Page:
If the U.S. Navy and Goodyear gained icon status as operators of blimps in the United States, the U.S. Army was a big player in the interwar years.
U.S. Army lighter-than-air aircraft can be traced to reconnaissance balloons used during the Civil War by Thaddeus Lowe in support of the Union Army.
In 1921 the U.S. Army operated the semi-rigid Italian-built airship Roma, the largest semi-rigid design in the world at the time, with a length of 410′.
Buoyed by hydrogen, the Roma came to grief near its base at Langley Field, Virginia, in 1922 when the nose collapsed during high-speed flying, and the ensuing hydrogen fire gave the U.S. military the resolve to fill all of their future airships with nonflammable helium instead.
Ever protective of their own mission priorities, the U.S. Army and U.S. Navy agreed in that decade that the Army would pursue non-rigid or semi-rigid designs for coastal and inland patrol duties, while the U.S. Navy embarked upon its large rigid dirigible program for scouting at sea.
The Army airship program thereafter blossomed during the Roaring Twenties.
In the Depression of the 1930s, Army funding for airships declined until Army Air Corps Chief General Oscar Westover decided to end the Army’s airship program in 1936. Some of the last activity carried into 1939.
During the hey day of Army airship operations, sometimes several contractors would build designs created by the Air Service. At other times, the Army bought available existing machines.
The airships’ identities were linked to the car or gondola, which carried a serial number. The fabric balloon or envelope was not numbered, and was replaceable as needed. Produced in smaller numbers than production line aircraft, the Army’s lighter-than-air vehicles tended to be more individualized pieces of equipment.
Early captive spherical observation balloons became less stable in wind. In the late 19th Century, German designers tamed this problem with elongated gas envelopes and stabilizing fins.
Progress led to elongated powered free-flying lighter-than-air craft. The early use of hydrogen gas, with its potential for fire, is cited as a reason hydrogen-filled airships had their cars suspended away from the undersurface of the envelope for safety. When helium became the Army’s gas of choice, gondolas could be mounted close to the envelope.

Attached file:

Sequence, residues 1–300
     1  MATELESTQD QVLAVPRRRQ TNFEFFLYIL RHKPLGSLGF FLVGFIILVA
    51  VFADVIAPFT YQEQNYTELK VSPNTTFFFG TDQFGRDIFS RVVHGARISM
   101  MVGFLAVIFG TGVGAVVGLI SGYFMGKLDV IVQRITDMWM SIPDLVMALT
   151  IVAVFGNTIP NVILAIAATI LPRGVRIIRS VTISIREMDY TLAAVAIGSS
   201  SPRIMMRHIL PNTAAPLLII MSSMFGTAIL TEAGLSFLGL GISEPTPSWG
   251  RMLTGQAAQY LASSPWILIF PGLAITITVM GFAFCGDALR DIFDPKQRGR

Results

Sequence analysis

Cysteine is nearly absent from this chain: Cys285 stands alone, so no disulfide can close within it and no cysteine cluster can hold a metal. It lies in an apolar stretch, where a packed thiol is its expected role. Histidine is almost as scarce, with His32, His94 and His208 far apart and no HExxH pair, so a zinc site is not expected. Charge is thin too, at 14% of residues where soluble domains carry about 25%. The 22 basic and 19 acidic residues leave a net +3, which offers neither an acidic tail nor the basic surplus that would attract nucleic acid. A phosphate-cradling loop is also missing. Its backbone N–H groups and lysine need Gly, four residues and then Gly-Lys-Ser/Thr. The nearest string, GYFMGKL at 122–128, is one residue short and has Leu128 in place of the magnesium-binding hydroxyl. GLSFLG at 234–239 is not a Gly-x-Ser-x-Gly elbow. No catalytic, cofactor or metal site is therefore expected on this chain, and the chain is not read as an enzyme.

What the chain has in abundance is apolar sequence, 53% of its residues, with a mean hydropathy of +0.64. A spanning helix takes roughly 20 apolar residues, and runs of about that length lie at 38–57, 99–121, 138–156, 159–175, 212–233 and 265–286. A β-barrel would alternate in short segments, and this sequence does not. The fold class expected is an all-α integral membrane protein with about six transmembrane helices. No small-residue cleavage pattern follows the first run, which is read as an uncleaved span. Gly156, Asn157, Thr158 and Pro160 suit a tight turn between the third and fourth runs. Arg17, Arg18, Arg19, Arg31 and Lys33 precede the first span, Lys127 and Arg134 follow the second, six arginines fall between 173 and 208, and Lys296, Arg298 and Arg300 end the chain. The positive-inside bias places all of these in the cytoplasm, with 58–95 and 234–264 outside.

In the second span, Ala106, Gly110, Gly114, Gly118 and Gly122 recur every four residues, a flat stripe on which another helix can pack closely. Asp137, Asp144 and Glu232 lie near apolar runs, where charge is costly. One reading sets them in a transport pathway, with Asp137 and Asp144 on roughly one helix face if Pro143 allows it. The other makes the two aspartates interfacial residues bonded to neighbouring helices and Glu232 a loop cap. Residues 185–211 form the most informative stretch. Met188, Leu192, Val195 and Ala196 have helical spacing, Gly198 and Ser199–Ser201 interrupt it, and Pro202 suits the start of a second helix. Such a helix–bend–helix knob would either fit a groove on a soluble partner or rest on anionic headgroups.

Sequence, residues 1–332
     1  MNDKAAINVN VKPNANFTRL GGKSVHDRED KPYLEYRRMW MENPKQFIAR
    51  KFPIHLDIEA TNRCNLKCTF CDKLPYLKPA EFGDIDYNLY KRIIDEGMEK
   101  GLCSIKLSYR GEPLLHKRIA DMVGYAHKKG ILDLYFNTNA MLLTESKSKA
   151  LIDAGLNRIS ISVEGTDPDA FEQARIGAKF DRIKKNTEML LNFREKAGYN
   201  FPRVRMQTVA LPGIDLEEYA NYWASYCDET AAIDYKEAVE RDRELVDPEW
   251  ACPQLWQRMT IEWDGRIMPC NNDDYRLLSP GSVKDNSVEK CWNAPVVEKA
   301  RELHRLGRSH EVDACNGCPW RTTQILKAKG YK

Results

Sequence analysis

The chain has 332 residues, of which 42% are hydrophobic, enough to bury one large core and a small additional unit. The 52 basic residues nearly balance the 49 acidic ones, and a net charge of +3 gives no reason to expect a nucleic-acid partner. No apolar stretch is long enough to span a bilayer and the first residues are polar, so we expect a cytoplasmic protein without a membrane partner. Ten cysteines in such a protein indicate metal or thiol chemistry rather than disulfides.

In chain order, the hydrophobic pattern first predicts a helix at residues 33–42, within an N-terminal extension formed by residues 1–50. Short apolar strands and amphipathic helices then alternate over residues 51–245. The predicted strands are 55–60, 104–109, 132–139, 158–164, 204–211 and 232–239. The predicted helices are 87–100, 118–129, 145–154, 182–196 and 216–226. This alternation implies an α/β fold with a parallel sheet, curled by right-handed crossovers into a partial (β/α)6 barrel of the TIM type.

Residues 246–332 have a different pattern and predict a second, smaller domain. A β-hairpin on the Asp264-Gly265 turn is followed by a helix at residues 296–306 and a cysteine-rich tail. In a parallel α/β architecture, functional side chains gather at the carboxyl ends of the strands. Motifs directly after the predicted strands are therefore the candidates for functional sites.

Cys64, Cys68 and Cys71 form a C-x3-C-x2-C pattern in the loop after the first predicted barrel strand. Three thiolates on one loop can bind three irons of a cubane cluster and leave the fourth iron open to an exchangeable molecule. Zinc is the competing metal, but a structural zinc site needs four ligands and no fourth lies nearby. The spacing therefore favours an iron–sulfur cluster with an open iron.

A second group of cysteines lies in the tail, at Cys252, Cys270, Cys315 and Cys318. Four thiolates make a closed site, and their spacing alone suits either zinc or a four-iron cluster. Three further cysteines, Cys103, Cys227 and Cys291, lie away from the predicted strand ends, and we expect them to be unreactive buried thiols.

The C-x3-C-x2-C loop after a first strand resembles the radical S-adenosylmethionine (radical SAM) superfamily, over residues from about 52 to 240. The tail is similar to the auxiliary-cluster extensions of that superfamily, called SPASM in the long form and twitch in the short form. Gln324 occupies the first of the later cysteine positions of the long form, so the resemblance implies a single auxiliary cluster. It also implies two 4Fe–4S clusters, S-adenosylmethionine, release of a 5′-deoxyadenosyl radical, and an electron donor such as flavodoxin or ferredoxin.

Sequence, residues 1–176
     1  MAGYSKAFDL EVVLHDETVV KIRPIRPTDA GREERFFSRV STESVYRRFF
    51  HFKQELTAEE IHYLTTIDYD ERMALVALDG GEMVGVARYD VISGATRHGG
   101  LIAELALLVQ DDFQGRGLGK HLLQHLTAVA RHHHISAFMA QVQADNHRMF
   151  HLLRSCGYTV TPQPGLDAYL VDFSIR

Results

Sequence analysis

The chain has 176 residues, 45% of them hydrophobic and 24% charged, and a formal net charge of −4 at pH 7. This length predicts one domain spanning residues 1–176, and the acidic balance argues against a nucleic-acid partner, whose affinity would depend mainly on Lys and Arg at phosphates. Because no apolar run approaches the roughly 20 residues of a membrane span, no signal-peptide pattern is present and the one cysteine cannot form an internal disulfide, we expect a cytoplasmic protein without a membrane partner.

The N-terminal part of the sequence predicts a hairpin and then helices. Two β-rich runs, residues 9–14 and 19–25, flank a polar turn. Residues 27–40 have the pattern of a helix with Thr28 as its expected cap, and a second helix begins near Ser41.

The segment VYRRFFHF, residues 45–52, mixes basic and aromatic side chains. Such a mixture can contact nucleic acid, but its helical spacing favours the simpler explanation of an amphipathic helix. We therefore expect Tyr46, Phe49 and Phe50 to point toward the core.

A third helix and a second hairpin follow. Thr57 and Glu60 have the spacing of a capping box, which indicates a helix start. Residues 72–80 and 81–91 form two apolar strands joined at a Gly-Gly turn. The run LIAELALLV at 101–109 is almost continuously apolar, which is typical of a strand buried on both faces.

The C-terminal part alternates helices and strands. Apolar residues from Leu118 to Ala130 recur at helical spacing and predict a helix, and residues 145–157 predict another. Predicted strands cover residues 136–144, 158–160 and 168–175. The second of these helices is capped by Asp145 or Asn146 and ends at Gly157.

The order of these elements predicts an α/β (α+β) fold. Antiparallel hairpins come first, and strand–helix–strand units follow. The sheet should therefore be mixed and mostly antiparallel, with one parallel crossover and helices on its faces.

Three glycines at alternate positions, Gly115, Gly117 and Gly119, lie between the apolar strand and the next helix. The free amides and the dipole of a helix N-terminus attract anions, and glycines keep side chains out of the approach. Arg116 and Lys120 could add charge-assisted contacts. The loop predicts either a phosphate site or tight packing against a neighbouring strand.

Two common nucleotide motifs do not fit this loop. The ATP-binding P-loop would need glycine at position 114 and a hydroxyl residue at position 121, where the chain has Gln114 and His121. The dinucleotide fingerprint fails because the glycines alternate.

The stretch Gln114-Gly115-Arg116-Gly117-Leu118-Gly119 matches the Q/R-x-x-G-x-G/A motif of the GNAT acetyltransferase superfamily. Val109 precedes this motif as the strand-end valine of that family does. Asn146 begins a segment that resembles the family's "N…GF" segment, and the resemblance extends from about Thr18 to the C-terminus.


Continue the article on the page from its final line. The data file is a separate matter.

The first free-flying powered airship for the U.S. Army was the so-called SC-1, for Signal Corps No. 1, built in 1908 by Thomas Baldwin. It featured a long open trusswork structure for the crew of two, a single 20-horsepower Curtiss engine, and guiding vanes.
Variations on the tethered observation balloon shapes of World War I led to the Army’s use of the United States Motorized Balloon, or USMB, by late 1922. This elongated balloon could either be used tethered or as a free-flying powered vehicle.
In 1923, the USMB (also sometimes called the MB-1 or OA-1) was loaned to the U.S. Department of Agriculture, which used the airship, fitted with an insecticide hopper, to combat a gipsy moth infestation in New Hampshire.
A French design, the ZDUS-1 (later RN-1), was received from a U.S. Navy order of 1918. It was unique for its day in having a cannon in the bow of the car and a defensive machine gun emplacement atop the envelope.
The Army’s brief foray into semi-rigid airships began with the ill-fated Roma. In 1923, another semi-rigid LTA, the RS-1, was ordered from Goodyear. Most Army machines were variations on non-rigid blimp designs.
The U.S. Army received the Goodyear TC-13 in 1933. At the time, it was the world’s largest non-rigid airship. The TC-13 and TC-14 used five-fin tail surfaces instead of the traditional four. By 1934, the modified Army TE-3 airship had an eight-fin tail array.
Not surprisingly, Army airships of the early 1920s used some of the most prevalent American aircraft powerplants of the era, the OX-5, Liberty, and Hall-Scott engines. Foreign-supplied designs sometimes used European powerplants, and later developments included radial engines.
Army blimps experimented with tasks as diverse as picking up mail from a moving train to serving as a carrier vehicle for aircraft — a concept later evolved by the Navy in its huge dirigibles.
While the Army’s observation needs were met by fixed-wing aircraft by the time of World War II, the U.S. Navy expanded its use of blimps during World War II for patrol missions.
The Army used an exhaustingly varied set of nomenclature schemes to designate its airships over the years. A detailed listing of designations and specifications can be found in “United States Military Aircraft Since 1908” by Peter M. Bowers and Gordon Swanborough.